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Contrasting Collections: Indigenous Access to Literature for Young Readers

Ward, Jaclyn Lee (2021) Contrasting Collections: Indigenous Access to Literature for Young Readers. Masters thesis, Northern Arizona University.

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Native American Peoples and other Indigenous Peoples have been portrayed with racial bias and the use of harmful stereotypes in literature and other media since early writings at the beginnings of imperial colonization. The issue remains pervasive in popular stories and public book collections today and impacts Native American youth in our communities. This study looks at the juvenile ebook collection of the Flagstaff City-Coconino County Public Library (FCCCPL) at two points in time during the COVID-19 pandemic, in April 2020 and in July 2021, to assess and compare content related to Indigenous Peoples. Through qualitative content analysis, this study also compares the content of the library collection with that of a collection of books from the Oyate website, a Native American collective and bookseller focused primarily on the interests of Native American communities and featuring mainly Indigenous authors. The study finds that the Flagstaff City-Coconino County Public Library OverDrive collection of ebooks for young readers had significantly less potentially harmful content related to Indigenous Peoples in July 2021 than it did in April 2020, however the same types of harmful stereotypes and racial bias remained prevalent over time. In contrast, the Oyate collection provides a counter-narrative to the stereotyped representations of Indigenous gendered-identity common in dominant mainstream stories and positions readers to learn Indigenous values, traditions and languages, as well as Indigenous heritage and history, while the FCCCPL collection tends to convey Indigenous experiences vis-à-vis mainstream education. These findings reflect the need for critical literacy in environments for public learning and the transformation of colonizing, oppressive communication into something altogether new via a re-centering or a shift of perspective that embraces difference using a critical and humanistic lens. This research recommends that public libraries work toward more equitable Indigenous access to literary media that conveys Indigenous voices and perspectives.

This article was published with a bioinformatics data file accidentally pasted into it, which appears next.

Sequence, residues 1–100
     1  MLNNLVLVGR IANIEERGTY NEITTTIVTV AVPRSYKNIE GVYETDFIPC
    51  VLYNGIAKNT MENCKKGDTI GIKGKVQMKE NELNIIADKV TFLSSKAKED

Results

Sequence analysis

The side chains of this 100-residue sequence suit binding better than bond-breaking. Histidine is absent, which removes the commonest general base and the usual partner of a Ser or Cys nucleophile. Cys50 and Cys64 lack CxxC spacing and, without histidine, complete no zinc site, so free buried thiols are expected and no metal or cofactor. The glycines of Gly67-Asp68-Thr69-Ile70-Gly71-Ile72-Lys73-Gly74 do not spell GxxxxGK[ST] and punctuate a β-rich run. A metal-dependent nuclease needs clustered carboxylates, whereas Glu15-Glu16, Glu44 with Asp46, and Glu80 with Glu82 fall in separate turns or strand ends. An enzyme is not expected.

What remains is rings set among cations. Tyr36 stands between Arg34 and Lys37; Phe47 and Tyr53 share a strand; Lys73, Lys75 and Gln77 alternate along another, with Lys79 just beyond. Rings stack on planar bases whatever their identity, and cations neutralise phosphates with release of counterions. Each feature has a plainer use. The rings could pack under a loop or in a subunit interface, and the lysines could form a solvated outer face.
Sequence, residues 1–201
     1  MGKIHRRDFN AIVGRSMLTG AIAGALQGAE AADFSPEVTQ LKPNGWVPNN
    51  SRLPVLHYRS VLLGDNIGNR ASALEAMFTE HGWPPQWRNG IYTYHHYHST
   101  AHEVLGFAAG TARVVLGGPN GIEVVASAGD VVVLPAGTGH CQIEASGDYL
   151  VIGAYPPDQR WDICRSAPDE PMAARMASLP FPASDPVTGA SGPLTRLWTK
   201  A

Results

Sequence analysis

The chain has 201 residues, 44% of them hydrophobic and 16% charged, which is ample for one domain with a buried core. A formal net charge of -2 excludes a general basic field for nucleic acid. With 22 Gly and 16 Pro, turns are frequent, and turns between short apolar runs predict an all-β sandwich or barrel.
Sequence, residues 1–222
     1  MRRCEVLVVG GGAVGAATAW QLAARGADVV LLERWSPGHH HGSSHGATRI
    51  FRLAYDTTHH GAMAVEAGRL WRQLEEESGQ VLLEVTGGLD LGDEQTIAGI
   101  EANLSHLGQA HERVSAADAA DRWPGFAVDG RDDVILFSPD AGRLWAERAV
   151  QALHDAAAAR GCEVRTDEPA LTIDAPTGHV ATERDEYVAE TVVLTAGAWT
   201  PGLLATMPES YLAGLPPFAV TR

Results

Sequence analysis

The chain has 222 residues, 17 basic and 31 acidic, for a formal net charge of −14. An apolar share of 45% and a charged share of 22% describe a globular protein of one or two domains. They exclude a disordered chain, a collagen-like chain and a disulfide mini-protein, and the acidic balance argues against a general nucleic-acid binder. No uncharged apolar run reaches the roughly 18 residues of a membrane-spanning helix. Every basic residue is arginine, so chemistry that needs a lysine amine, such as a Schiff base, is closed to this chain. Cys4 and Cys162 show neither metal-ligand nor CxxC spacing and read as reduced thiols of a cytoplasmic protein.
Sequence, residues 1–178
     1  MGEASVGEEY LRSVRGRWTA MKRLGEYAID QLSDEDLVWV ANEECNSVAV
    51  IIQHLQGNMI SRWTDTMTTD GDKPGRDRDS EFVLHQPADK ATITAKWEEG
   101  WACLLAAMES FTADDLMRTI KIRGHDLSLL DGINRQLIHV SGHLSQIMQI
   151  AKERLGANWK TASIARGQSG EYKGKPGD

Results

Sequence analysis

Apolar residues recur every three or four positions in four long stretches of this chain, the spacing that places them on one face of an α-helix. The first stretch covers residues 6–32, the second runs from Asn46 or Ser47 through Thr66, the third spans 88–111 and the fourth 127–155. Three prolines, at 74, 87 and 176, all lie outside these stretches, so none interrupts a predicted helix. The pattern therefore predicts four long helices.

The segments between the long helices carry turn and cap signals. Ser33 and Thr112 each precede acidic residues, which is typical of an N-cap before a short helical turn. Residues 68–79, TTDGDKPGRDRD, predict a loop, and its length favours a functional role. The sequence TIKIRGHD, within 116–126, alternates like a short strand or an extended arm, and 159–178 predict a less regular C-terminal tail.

Item Type: Thesis (Masters)
Publisher’s Statement: © Copyright is held by the author. Digital access to this material is made possible by the Cline Library, Northern Arizona University. Further transmission, reproduction or presentation of protected items is prohibited except with permission of the author.
Keywords: Critical Indigenous Literacy; Decolonizing Praxis; Indigenous Access; Indigenous Authorship; Libraries; Native American Readers; Children's literature
Subjects: H Social Sciences > HT Communities. Classes. Races
NAU Depositing Author Academic Status: Student
Department/Unit: Graduate College > Theses and Dissertations
College of Social and Behavioral Science > Sociology and Social Work
Date Deposited: 07 Feb 2022 16:44
Last Modified: 07 Feb 2022 16:44
URI: https://openknowledge.nau.edu/id/eprint/5665

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